Jackson JS Series Hands-On Review
January 26, 2010 by G-v Rover
What do modern metal masters such as Iron Maiden’s Adrian Smith, Lamb of God’s Mark Morton, Machine Head’s Phil Demmel, and Anthrax’s Scott Ian have in common–aside from being highly influential players in venue-packing bands, of course? Jackson Guitars.
Anyone who grew up on early MTV recognizes Jackson guitars as a symbol of the high-energy metal born in Los Angeles clubs in the ‘80s. A new breed of guitar hero had emerged and they demanded higher performance from their axes. They wanted shred-friendly setups, super-fast necks, molten tones, and attention-grabbing aesthetics. Former Tennessean Grover Jackson and his small but highly talented and dedicated team listened and delivered the goods.
Thirty years later, predictions of metal’s demise still remain totally unfounded: punk, disco, grunge, nor Djs have been able to kill this staple of teenage rebellion or the popularity of Jackson’s axes. So to serve a new generation of budding shredders, Jackson offers their new JS series, a truly affordable line that features no fewer than five iconic instrument shapes. For now, let’s look at the JS32T Rhoads ($299) and the JS22R Dinky ($219).
In the beginning. . .
The very first Jackson, built in the early ‘80s, was for Ozzy Osbourne’s new guitarist: Randy Rhoads. This amazing young player wanted an angular, asymmetric body that resembled a shark’s fin rather than the more typical Flying V. And so an iconic, modern guitar shape was developed from an idea initially sketched on a paper napkin!
Sadly, the guitar world lost this talented picker before he could fully enjoy the realization of his concept. But not before the guitar became the stuff of legend. . .
Carrying on the legacy
The JS32T Rhoads bears more than a passing resemblance to Randy’s dream machine, as well as to the current, pricier Jackson RR Rhoads models. The classic Jackson headstock and shark fin inlays are in evidence, as is the same strings-through-body styling as the Pro Series RR5.
This model also retains the compound-radius fingerboard, crucial to the legendary playability of Jackson guitars. Starting with a 12” radius near the nut for comfortable chording and riffage, the rosewood fingerboard gradually flatens out to a 16” radius as you ascend the neck, allowing for maximum shred and super-wide bends with no chance of fretting out. Playability is further enhanced by 24 professionally finished jumbo frets–no buzzing whatsoever even on clean, low-volume settings–as well as the satin sealer on the back of the maple neck.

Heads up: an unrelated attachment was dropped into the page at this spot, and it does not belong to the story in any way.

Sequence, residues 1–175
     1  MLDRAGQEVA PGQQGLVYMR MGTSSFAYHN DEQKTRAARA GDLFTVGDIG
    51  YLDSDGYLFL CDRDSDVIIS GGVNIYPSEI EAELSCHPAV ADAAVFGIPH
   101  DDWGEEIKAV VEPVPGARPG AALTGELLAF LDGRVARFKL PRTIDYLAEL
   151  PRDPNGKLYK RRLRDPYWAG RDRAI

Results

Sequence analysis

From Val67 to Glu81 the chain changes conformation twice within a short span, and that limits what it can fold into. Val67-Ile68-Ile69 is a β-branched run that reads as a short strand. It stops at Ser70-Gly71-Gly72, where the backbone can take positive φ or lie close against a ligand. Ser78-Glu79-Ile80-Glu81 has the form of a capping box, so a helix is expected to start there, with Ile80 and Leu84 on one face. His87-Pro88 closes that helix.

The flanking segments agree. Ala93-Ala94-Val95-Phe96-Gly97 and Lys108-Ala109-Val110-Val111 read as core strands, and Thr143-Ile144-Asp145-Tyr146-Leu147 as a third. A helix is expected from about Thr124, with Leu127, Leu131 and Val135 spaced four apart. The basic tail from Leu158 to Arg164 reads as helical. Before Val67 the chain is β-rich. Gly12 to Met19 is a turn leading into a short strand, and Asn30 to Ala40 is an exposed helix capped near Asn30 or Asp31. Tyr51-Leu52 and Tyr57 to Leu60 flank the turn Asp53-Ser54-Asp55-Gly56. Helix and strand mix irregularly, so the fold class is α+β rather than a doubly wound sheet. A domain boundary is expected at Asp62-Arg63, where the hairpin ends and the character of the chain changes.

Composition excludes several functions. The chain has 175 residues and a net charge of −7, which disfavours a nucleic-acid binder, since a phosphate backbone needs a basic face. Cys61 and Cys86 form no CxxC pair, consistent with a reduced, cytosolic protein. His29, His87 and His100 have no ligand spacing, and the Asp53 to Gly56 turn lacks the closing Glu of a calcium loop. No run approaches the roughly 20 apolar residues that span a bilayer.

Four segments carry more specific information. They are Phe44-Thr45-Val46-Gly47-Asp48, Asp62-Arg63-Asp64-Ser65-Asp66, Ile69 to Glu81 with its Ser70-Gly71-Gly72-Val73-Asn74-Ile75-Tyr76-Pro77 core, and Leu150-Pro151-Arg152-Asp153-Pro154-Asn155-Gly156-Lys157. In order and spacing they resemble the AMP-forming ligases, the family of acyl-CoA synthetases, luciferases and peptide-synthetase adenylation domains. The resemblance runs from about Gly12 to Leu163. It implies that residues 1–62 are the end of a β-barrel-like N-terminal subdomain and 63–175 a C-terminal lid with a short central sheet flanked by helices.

Of course, at this price, some features must change, like the bolt-on neck rather than a neck-through configuration, one volume control instead of two, and no after-market Seymour Duncan pickups. I was pleased to not that despite these economy measures the sound and playability of the instrument remain topnotch.
I plugged the Rhoads into an Egnater Rebel 30 amp, cranked the gain on the overdrive channel, and found I was riding metal monster–all I had to do was hold on for dear life. The bridge pickup puts out plenty of warm mids, providing fat distortion and sustain, simultaneously severing up enough edge for pinch-harmonic squeals and perfect definition even at the highest gain levels and when playing the fastest riffs. The neck pickup also has enough highs to cut though heavy distortion, yet is warm enough that in the event you need to play a jazz gig on this guitar, you certainly could.
Small yet mighty
The second instrument I checked out is part of the Dinky series. It’s a bolt-on, more streamlined version of the famed Jackson Soloist–the ultra-maneuverable machine that inspired Jeff Beck to switch from his trademark Stratocaster long enough to record some scorching tracks for Tina Turner and Rod Stewart.
The JS22R offers many of the same specs as the slightly more expensive JS32T Rhoads. Once again the few cost-saving measures have no effect on either sound or feel. The Dinky has the same compound-radius fingerboard–an astounding and unheard-of option on an instrument at this price. The pickups are voiced a little brighter than the Rhoads, but is merely a differ flavor, not an issue; they sounded great through both the clean and dirty channels of the Egnater. I cranked up the gain, rolled off the tone on the bridge pickup, played up by the 24th fret, and presto–instant Flash-era Jeff Beck.
Back when the Jackson brand was born, guitars at this price-point had actions that sat inches above the fretboard and sonics as ice picks. Instruments that sounded and played like the ones reviewed here cost the equivalent of at least a grand in today’s dollars. The JS32T Rhoads and the JS22R Dinky not only offer quality guitars for beginners of a metal bent, but also can easily function as fully operational instruments in a professional axe-slinger’s arsenal. Happy 30th Jackson!